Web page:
After graduating from the Rutgers Business School, when Harsh Jain apprenticed with the senior management at Century Plyboards in 2010, he saw the dynamics and shortcomings of the interior designing industry clearly. Two years later, when his uncle was renovating his flat, he realised that the problems before a home owner were manifold as well.
That’s when the idea of Nestopia emerged — an interior design marketplace that makes designing and building spaces a seamless experience by bringing home owners, design professionals, product sellers and the construction community together through various social and mobile collaborative tools. A sort of TripAdvisor + Linkedin for the design and construction industry.
Harsh was in Kolkata when he decided it was time to build this platform “for young and upcoming designers, product creators and niche professionals in the interior design field to showcase their work, and for home owners to discover tastes that match theirs,” Harsh recalls. An idea like this had a better chance of success in a city like Mumbai, he thought, and moved cities. A startup founder relies quite a bit on business connections, networking and family support, at least in the initial days. Harsh had none of it in the beginning. It was a tough choice, but one he is glad he made as things fell into place soon enough.
The most difficult hurdle for Harsh came when three members of his core team had to leave the project within a span of a month. “All of a sudden, the Nestopia team was halved and our work pressure doubled. Those who stayed back helped me overcome the difficult time with great perseverance, grit and patience. If it were not for their focused dedication, we might not have been able to come this far,” Harsh recalls.
Building a design gallery is no child’s play. To engage a customer, it is important to showcase the designed spaces in a compelling manner. “We tried and tested a number of display formats before arriving at the one we use currently. The rise in the number of daily designer signups tells us that we have been moving along the right path,” he says.
“Our blog section strives to make design more understandable to a layman as well as informative to designers, who need to keep abreast of developments that might sometimes go by unnoticed.”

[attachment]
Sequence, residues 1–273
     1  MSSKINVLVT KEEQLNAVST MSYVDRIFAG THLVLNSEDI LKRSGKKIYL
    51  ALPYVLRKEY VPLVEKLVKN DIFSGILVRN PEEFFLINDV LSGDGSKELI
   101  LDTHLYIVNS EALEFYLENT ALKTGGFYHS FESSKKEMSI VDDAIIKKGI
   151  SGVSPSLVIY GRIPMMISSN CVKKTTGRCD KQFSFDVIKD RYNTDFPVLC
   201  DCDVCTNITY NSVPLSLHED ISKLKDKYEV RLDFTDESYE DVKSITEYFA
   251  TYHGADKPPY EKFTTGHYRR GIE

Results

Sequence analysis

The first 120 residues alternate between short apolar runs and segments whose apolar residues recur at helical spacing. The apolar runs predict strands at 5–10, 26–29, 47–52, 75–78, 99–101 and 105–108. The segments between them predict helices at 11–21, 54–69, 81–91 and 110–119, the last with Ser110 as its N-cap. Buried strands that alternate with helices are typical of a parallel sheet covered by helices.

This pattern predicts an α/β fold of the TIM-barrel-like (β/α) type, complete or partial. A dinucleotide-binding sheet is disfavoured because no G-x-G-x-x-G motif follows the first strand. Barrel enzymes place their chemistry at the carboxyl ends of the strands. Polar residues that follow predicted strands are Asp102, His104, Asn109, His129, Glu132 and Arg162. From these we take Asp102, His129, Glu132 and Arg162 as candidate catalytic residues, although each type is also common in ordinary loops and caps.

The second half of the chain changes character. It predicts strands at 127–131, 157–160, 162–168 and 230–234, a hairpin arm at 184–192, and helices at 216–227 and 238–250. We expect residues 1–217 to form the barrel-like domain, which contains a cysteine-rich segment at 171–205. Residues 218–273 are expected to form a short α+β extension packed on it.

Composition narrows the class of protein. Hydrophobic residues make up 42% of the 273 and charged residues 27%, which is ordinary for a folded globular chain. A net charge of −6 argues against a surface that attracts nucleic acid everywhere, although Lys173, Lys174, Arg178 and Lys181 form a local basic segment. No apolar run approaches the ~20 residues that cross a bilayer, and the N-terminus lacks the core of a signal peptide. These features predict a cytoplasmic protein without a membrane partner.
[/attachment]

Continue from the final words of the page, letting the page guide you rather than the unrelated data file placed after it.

While designers can showcase their work on Nestopia.com, home owners can find a designer who can meet their budget, timelines and style requirements, find design inspirations, discover different decor products and ask for tips from the professionals.
Nestopia divides the market into two broad segments:
1) People who want designer homes and can afford to hire an interior designer: From this segment, they have a job board which allows professionals to showcase their work, and home-owners to discover those they would like to hire and interact with them.
2) People who want designer homes but cannot afford to hire a designer: ” We are addressing the needs of people in the second segment with our new module: Nestlooks, a collection of curated, designer looks that can be customized according to a client’s budgets, spaces and tastes. This is for those who have a more do-it-yourself approach, and it is also our monetization model,” Harsh says. This is a key differentiator for Nestopia.
The path ahead
Currently, Nestopia has a database of over 15,000 designers and architects, whose work is displayed on the site. “Though this does not benefit us monetarily at the moment, it gives us great satisfaction to know that we have been able to make an improvement in this field,” Harsh says.
In the next few months, Nestopia intends to bring to life their job board and Nestlooks. A mobile app is also on the anvil.
When a child, Harsh dreamt of becoming a doctor. It seemed to him a good way to help others and add value to the society around. Though the dream gave way to others as he grew up, the core motive — “to make sure that everything I do adds value to the lives of people around me” — remained. That, he says, is what drives him to march on the obstacle-ridden path of an entrepreneur.
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